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Second Circuit Affirms “Snap” Removal Practice

Earlier this week, a Second Circuit panel resolved a sharp disagreement among district courts regarding the interpretation of the forum defendant rule in the context of a multi-district litigation (“MDL”) involving dozens of product liability lawsuits against the makers of the blood-thinning medication Eliquis.

In Gibbons v. Bristol-Myers Squibb Co., ___ F.3d ___, 2019 WL 1339013 (2d Cir. March 26, 2019), the court unanimously affirmed the district court’s holding that 33 cases were properly removed to federal court and that the claims were impliedly preempted by FDA labeling rules.

In resolving the case, the court evaluated the practice of removal before service known as “snap removal.”  To keep cases in favorable state court forums, plaintiffs often sue a defendant in its home forum, or join a smaller co-defendant that resides in a favorable state court jurisdiction so the “forum defendant rule” precludes removal to federal court.  Under that rule, a suit that is “otherwise removable solely on the basis of . . . [diversity of citizenship] may not be removed if any of the parties in interest properly joined and served as defendants is a citizen of the State in which such action is brought.”  28 U.S.C. § 1441(b)(2) (emphasis added)  The rule typically operates when a defendant is served with a suit in a diversity action in a state court in its home state.

But with the advent of electronic docket monitoring, defendants, including those in the Gibbons case, can “snap” remove cases before the plaintiffs can “properly . . . serve[]” them.  28 U.S.C. § 1441(b)(2).  For years, district courts across the country (and within the Second Circuit) have disagreed whether “snap” removal works to secure a federal forum.  Before Gibbons, only the Third Circuit had addressed the issue, which it approved last year in Encompass Ins. Co. v. Stone Mansion Rest. Inc., 902 F.3d 147 (3d Cir. 2018).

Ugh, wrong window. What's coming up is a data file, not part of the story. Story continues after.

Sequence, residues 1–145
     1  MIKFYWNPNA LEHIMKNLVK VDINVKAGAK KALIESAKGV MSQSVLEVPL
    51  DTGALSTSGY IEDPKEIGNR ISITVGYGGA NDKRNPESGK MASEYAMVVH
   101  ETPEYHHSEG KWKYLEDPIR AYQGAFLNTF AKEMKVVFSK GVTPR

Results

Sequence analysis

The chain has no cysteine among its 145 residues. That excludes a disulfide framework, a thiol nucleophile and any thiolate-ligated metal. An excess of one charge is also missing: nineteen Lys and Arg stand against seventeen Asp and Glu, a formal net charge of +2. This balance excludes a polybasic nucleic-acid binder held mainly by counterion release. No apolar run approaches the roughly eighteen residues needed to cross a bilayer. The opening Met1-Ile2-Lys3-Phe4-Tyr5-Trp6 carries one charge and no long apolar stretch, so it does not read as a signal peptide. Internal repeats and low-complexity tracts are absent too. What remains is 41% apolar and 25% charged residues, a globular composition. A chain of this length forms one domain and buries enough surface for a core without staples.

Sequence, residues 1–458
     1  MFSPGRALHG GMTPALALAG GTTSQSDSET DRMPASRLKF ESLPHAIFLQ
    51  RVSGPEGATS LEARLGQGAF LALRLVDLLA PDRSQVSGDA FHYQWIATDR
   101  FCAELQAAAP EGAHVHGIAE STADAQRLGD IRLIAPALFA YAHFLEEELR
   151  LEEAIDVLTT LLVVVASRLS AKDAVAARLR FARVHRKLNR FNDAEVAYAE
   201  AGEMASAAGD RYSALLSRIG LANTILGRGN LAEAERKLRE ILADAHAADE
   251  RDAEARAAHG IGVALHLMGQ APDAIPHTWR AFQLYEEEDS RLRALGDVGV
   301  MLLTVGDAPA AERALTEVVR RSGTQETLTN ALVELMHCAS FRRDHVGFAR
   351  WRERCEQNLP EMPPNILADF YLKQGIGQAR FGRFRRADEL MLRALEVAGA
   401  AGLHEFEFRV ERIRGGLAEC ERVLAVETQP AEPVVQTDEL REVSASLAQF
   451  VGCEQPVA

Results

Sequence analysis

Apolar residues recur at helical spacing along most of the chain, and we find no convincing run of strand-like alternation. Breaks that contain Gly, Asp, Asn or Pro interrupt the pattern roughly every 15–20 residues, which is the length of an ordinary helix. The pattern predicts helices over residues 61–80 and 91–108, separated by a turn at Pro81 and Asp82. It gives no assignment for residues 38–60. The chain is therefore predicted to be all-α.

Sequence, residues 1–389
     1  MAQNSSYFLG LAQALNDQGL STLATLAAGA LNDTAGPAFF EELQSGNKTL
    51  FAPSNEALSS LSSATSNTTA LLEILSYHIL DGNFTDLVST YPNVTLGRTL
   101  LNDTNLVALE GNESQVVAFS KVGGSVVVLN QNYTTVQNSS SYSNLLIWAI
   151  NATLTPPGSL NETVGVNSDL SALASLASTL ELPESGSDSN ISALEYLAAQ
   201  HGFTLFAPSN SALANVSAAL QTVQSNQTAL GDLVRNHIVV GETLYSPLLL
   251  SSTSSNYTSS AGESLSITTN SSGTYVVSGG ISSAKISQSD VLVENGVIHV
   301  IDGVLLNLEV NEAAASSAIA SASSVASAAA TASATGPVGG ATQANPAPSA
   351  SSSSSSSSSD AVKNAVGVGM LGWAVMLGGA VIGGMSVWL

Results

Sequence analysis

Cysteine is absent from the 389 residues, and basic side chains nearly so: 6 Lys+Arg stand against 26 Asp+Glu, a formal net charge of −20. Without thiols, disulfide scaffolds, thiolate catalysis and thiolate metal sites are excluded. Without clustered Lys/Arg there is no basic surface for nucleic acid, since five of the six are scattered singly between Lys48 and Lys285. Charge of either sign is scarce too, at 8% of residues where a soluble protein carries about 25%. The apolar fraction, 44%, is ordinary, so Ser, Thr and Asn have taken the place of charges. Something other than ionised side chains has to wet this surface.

In Gibbons, plaintiffs had brought dozens of product liability suits against the defendant drug companies, most of which were consolidated in an MDL in the Southern District of New York.  The MDL court had dismissed many of the cases pursuant to Federal Rule of Civil Procedure 12(b)(6).  At the same time, however, 33 additional cases remained pending in a California federal court awaiting transfer to the MDL.

Following the New York federal court’s dismissal of the cases before it, the California plaintiffs voluntarily dismissed their suits without prejudice, and then refiled them in Delaware state court – where the defendants were incorporated – to take advantage of the forum defendant rule.  But two days later, the defendants, who had not yet been served with the Delaware complaints, removed the cases to the Delaware federal district court and requested they be transferred to the MDL in SDNY.  Plaintiffs then moved to remand, but the Delaware federal court denied the request and dismissed the cases on the same rationale as the earlier SDNY opinion.

On appeal to the Second Circuit, the court looked at the plain language of Section 1441(b)(2) and agreed with the district court that removal before service is proper.  Accordingly, the court held that “the statute plainly provides that an action may not be removed to federal court on the basis of diversity of citizenship once a home‐state defendant has been ‘properly joined and served.’ ” Gibbons, 2019 WL 1339013, at *4 (quoting 28 U.S.C. § 1441(b)(2) (emphasis added)).  The court explained that, by its text, Section 1441(b)(2) does not properly apply until a home‐state defendant has been served in accordance with state law.  Id.  Up to that point, “a state court lawsuit is removable under Section 1441(a) so long as a federal district court can assume jurisdiction over the action.”  Id.